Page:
Bioinformatics analysis

Gene Ontology (GO) of lactylation proteome was derived from the ToxoDB 58.0 and UniProt-GOA database based on three categories: biological process, molecular function and cellular component. When a single peptide was found to be matched to ≥ 2 different proteins, manual inspection of data from ToxoDB 58.0 was performed to determine the protein from which the peptide was likely derived. The InterProScan software annotated the protein’s GO function of the identified Kla substrates not annotated by ToxoDB 58.0 and UniProt-GOA database based on protein sequence alignment. The InterPro domain database was used to annotate the identified proteins domain functional description with InterProScan based on protein sequence alignment. The Kyoto Encyclopedia of Genes and Genomes (KEGG) database description of identified proteins was annotated and mapped using KEGG online service tools KAAS and KEGG mapper. WoLF PSORT was used for subcellular localization prediction.

Statistical analyses

Functional enrichment analysis

A two-tailed Fisher’s exact test was employed to test all functional enrichments of the differentially expressed proteins against all the identified proteins. Any terms with a corrected P < 0.05 in any of the clusters were treated as significant difference.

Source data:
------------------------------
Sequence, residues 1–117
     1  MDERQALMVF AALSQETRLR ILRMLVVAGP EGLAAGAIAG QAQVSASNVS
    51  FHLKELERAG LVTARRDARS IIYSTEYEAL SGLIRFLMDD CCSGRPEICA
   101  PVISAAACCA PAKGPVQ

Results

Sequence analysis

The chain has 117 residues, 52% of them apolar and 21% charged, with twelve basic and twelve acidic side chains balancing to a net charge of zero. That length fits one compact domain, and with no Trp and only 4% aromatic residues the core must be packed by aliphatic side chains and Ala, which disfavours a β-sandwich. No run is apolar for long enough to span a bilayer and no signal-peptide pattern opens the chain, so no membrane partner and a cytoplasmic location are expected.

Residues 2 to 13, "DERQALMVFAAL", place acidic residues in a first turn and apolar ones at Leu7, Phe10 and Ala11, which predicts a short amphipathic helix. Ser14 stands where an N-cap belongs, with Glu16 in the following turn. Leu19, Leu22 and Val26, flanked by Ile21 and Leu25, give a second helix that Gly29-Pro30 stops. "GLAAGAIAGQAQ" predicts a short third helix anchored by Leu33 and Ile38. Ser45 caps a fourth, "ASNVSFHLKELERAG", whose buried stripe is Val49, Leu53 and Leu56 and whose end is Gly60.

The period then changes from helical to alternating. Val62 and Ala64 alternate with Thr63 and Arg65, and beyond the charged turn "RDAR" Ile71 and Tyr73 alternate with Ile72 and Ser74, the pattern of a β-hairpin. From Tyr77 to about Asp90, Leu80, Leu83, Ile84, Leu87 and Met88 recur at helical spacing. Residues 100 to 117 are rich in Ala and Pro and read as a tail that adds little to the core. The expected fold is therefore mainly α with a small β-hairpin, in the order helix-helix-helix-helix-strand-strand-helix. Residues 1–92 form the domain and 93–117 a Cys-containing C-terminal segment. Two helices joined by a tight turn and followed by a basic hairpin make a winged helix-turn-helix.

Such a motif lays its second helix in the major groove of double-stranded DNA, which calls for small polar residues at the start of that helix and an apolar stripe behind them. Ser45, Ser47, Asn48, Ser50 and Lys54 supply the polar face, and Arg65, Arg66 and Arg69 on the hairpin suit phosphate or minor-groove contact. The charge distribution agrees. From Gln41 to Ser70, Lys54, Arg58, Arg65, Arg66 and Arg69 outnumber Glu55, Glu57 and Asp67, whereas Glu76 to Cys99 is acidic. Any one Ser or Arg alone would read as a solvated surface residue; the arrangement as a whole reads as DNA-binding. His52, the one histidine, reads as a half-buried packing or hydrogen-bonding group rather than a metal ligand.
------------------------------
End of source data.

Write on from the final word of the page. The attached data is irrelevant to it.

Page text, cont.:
Sequence model analysis around the lactylation sites

The sequence models of lactylated proteins constituted with amino acids in specific positions of modify-21-mers (10 amino acids upstream and downstream of the lactylation site) in all protein sequences were surveyed using MoMo software (Motif-x algorithm). All protein sequences in the T. gondii database were used as background database parameters, with the other parameters set at default. The lowest possible number of events was set at 20, and the motif was detected at P < 0.000001.

Motif-based clustering analysis

All categories obtained after enrichment were collated along with their P-values, followed by filtering categories enriched in at least one of the clusters at P < 0.05. The filtered P-value matrix was transformed using the function x =  − log10 (P-value). The x values were then Z-transformed for each category to obtain Z-scores, which were then clustered by one-way hierarchical clustering (Euclidean distance, average linkage clustering) in Genesis. Cluster membership was visualized via a heat map constructed using the “heatmap.2” function of the “gplots” R-package.